Based on my experience, I would recommend Polar for:

  • The calorie counter. Because the calculations are based on heart rate, this device-app combo provides what I felt to be the most accurate assessment of calories burned. You can even set goals for calories, duration and distance, and the app will let you know when you’ve crossed that finish line.
  • The gym fiend. Most fitness apps leverage the GPS functionality of your phone to measure your progress – this doesn’t work if you’re stationary. Polar Beat allows you to track your workouts and set goals, even when you’re not going anywhere. Bonus – many cardio machines have Polar connections built in, so you can view your stats right on the machine’s display.
  • The smartphone addict. If your phone is always by your side, the Polar Beat app is a great option for you. Because tracking via the app depends on a Bluetooth® connection between your phone and the sensor, the two must be in close proximity to work. While there is a way to track on the Polar Beat website without carrying your phone, it involves several extra steps to register your sensor and log on prior to your workout to tell the system to start tracking. I would highly recommend pairing the heart rate sensor with one of the Polar watches – an easier option if you’re on the move, with nothing to carry.

Fitbit screen shotsFitbit FlexTM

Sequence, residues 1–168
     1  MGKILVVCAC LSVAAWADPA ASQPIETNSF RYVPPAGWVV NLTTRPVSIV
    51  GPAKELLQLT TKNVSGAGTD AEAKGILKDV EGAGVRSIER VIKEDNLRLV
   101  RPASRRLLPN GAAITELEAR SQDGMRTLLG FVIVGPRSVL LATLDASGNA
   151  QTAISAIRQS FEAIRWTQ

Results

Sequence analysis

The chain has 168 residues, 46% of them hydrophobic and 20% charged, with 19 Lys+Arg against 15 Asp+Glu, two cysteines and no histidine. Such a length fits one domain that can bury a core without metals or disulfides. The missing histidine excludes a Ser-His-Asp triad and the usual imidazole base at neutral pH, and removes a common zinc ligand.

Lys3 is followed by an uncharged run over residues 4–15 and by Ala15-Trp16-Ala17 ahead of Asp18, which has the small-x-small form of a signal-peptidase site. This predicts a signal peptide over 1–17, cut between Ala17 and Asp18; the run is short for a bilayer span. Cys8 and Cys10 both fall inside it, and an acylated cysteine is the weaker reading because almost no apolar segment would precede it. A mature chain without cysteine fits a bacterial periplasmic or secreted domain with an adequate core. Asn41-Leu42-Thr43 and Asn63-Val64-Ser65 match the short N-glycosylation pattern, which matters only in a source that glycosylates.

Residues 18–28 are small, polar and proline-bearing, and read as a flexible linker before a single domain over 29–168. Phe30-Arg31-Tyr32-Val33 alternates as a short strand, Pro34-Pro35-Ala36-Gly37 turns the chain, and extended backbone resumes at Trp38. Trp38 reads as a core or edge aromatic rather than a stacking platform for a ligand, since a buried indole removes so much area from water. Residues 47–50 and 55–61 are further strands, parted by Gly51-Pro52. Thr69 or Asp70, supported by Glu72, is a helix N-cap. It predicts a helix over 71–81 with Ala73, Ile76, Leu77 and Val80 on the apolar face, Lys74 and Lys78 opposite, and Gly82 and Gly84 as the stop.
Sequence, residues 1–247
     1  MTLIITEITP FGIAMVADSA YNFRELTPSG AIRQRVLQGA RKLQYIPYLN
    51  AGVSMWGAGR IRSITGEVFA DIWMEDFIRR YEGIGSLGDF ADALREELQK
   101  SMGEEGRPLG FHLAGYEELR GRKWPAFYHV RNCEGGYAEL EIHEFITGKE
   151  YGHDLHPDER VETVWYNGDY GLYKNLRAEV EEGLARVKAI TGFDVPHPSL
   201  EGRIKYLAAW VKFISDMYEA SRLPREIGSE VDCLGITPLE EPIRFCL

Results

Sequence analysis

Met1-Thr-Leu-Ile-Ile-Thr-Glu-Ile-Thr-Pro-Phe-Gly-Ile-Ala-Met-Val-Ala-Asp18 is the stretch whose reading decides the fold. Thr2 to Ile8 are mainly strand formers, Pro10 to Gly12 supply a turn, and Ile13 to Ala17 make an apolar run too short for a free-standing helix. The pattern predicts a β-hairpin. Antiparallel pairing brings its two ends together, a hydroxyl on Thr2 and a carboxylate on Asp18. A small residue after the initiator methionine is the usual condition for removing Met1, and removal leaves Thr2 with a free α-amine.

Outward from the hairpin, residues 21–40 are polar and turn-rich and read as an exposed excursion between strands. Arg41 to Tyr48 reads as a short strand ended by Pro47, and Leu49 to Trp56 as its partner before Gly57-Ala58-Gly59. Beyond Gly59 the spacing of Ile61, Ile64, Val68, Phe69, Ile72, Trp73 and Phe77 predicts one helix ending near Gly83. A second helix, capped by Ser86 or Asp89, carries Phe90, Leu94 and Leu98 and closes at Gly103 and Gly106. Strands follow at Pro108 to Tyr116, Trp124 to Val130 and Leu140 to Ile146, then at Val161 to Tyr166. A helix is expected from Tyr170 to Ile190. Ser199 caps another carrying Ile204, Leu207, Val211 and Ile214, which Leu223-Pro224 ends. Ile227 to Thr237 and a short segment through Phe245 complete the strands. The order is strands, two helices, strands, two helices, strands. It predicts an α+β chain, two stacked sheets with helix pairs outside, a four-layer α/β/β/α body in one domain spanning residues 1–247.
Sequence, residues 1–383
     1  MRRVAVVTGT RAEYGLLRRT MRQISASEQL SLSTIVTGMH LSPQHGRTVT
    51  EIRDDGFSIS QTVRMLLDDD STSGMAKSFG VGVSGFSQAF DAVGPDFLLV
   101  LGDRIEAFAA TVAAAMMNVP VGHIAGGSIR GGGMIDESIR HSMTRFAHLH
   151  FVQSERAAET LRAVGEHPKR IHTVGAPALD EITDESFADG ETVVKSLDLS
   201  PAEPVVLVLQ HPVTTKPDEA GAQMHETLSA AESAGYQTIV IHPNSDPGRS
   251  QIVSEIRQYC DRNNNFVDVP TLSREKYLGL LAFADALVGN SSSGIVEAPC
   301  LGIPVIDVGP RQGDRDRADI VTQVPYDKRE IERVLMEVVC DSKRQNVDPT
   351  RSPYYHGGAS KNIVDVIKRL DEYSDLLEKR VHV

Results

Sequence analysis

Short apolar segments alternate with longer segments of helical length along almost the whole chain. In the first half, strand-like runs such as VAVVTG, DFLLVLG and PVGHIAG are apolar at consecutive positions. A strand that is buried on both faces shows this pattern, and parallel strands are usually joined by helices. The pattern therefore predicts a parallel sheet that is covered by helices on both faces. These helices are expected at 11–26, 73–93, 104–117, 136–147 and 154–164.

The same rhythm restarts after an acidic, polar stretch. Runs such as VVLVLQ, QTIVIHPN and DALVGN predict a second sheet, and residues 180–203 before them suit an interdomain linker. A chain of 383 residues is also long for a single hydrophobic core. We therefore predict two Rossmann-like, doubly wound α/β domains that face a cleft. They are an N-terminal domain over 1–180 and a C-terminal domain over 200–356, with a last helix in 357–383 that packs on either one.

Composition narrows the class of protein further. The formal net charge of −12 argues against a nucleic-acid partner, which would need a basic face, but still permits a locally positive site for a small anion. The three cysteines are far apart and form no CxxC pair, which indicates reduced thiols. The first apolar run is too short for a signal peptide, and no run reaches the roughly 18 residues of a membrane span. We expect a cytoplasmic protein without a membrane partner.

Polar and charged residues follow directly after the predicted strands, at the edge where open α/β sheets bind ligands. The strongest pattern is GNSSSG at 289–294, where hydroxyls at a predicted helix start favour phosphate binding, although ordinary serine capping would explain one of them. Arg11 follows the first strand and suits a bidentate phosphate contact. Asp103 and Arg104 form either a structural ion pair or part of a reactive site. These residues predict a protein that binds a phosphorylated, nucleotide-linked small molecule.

One of the “wearables,” Fitbit Flex is a device that you wear on your wrist like a watch. It comes in a cool little package with a few accessories and very easy-to-follow instructions. Just set it up, put it on and you’re tracking. One uniquely fabulous feature is the silent alarm – set an alarm in the app, tap on your Flex several times before going to bed, and the band will vibrate at the appointed hour.

The Fitbit Flex is an excellent device for:

  • The newbie exerciser. When you’re just starting out, it’s motivating to get credit for all of those everyday activities like taking the stairs instead of the elevator. Fitbit does this and even motivates you to do more of them throughout the day. Set goals for steps and distance, and your device will buzz you when you’ve reached a milestone.
  • The busy exerciser. If you want to start tracking to improve your fitness, but can’t be bothered to enter every step you take, Fitbit is definitely the option for you. The beauty of the FlexTM is that you don’t have to think about it – just wear it and charge it every few days. Even synchronizing is automatic: download the Fitbit app for your smartphone or plug the small USB device provided into your computer, and when you’re in the vicinity, it’ll sync.
  • The social exerciser. If working out with friends gives you that extra push to stick with it, Fitbit’s app is probably for you. Track your progress relative to friends’ on their leaderboard, and even choose to cheer on or even taunt your friends (depending on which motivates them more).
  • The data junkie. Fitbit Flex lets you track not just steps, but distance, calories, water intake and even sleep. You even can view activity in 15 minute increments. Bonus – all of this data is served up so intuitively that there is virtually no learning curve.

There you have it. From novice to professional and free spirit to data nerd, there is a gadget that can help you reach your goals and form new ones. Which tech matches your ‘type’?